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Beefed Up

April 10, 2010

Bo Luc Lat

A few posts ago, I mentioned accidentally purchasing pea sprouts (instead of watercress) but having intentions of making a beef salad. I finally got down to doing it tonight. And I made it the way I remembered it growing up. Sort of.

Against better judgment, I opted not to do it the way my dad used to make it (since he is the cook of the family). Instead, I opted to make a better attempt at what my mom used to make. Now, Van is a big fan of defrosting meat in the sink. Like she will pull meat out of the freezer in the morning and let it sit there all day until it defrosted in the early evening – sometimes she would leave the meat in the sink for 48 hours. I didn’t realize until fairly recently (like 2 years ago) that’s a bad thing to do, and I’m not sure how we didn’t get sick all these years (oh wait, we didn’t eat her food). But when the meat was defrosted, she would slice it and doctor it up with who-knows-what (I’m guessing Tabasco, hoisin sauce and MSG – seriously, who actually has MSG in the house?) and then huge a** chunks of onions. It made the house smell not-so-great, even though she didn’t end up cooking up the beef thoroughly. So when she was done, the beef was still relatively red (okay, that’s not a bad thing) and the onions semi-raw (ew). Between this and her choice of seasonings, her beef definitely wasn’t edible.

So tonight I have a Vietnamese recipe called Bo Luc Lat (shaking beef) dedicated to my non-cook of a mother.

The Boy’s Reaction: He liked it. He really liked it. I think he would have done back flips if he could.

Van’s Bo Luc Lat (Shaking Beef) – Revised by The Girl (Her Daughter)

1 lb beef (some people do chunks, but I purchased “sandwich” slices and cut them into strips)
1/2 yellow onion, sliced thinly

2 tablespoons vegetarian stir fry sauce (um, I didn’t have oyster sauce and yes, I realize how ironic it is to use vegetarian-anything in a beef dish)
2 tablespoons sesame oil (you can use half this amount)
1 tablespoon Maggi seasoning (you can also use soy sauce)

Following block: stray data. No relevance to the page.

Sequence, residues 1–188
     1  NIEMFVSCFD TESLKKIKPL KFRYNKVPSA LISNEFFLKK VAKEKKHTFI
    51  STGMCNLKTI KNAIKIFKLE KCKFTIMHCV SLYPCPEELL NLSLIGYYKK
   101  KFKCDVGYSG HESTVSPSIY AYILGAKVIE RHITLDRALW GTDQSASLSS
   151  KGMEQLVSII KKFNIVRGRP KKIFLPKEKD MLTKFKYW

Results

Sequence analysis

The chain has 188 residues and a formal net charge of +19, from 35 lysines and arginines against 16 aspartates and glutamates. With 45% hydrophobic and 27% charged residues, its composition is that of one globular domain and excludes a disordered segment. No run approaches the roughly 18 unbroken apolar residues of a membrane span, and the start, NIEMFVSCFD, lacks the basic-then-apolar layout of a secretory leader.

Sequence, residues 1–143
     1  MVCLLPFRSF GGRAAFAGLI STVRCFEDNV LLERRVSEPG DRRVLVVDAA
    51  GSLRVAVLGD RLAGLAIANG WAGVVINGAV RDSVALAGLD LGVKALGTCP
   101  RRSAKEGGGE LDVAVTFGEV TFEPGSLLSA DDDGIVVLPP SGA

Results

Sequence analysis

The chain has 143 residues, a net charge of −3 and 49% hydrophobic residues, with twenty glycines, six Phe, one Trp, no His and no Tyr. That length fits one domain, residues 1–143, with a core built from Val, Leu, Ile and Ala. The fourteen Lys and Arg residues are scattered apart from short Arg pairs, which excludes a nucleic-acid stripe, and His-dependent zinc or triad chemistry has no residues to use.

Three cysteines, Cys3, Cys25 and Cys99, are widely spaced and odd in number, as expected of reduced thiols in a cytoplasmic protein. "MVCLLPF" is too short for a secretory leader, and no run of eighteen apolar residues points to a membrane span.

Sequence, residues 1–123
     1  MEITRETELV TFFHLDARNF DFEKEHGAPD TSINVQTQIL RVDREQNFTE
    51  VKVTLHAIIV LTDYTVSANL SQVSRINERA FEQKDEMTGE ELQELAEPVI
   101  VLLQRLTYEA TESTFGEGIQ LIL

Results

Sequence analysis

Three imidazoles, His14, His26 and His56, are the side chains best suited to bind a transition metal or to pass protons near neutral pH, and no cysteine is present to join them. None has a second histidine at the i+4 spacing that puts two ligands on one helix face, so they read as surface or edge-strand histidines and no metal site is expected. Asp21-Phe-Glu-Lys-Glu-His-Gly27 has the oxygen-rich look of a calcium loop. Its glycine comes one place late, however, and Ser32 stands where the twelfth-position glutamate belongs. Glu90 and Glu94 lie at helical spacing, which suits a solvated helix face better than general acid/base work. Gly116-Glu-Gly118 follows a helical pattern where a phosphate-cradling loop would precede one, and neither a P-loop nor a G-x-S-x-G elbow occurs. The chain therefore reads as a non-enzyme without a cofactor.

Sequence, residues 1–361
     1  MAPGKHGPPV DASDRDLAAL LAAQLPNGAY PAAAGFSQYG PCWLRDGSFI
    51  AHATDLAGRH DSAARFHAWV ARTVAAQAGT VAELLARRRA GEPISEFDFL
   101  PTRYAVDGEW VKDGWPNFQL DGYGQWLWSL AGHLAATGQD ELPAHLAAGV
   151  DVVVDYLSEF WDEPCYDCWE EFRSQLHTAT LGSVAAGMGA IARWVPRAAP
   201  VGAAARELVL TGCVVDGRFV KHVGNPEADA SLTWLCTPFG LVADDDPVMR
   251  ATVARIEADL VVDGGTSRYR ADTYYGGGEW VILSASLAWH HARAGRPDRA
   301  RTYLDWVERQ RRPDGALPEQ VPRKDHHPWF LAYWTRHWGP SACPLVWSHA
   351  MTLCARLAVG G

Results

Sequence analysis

1 tablespoon fish sauce

2 handfuls of pea sprouts, split between two places
cucumbers & tomato slices

2 limes, juiced
1 tablespoon sugar
3 tablespoons of oil (most Vietnamese people will tell you to use a neutral oil – like canola. I use olive oil. Oil sch-moil)
a pinch of salt
black pepper, to taste

Place meat into bowl with onion. Add ingredients for the marinade. Toss together with spoon or with hands. Let marinate at least an hour (or up to 24 hours).

Now when you’re hungry and want to eat (let’s assume you wait an hour for the beef to marinade) . . .  split the watercress/pea sprouts between 2 plates. Garnish with cucumbers and tomatoes (you be the judge on how much). Put aside.

In a large skillet, heat oil. When the oil is hot, add beef and its marinade. You’ll have to stir this around occasionally (hence, the name “shaking beef” – the Vietnamese are creative, no?).

While the beef is cooking, prepare the marinade by placing all the ingredients in a bowl and whisking them altogether. That’s it!

When beef is done (and really, the temperature is to your liking. For this dish, I cooked it until it was well done, which took about 10-15 minutes), add on top of the salad. Marvel in its beauty (he he) and then pour desired amount of dressing on top (I would suggest about 3-4 tablespoons).


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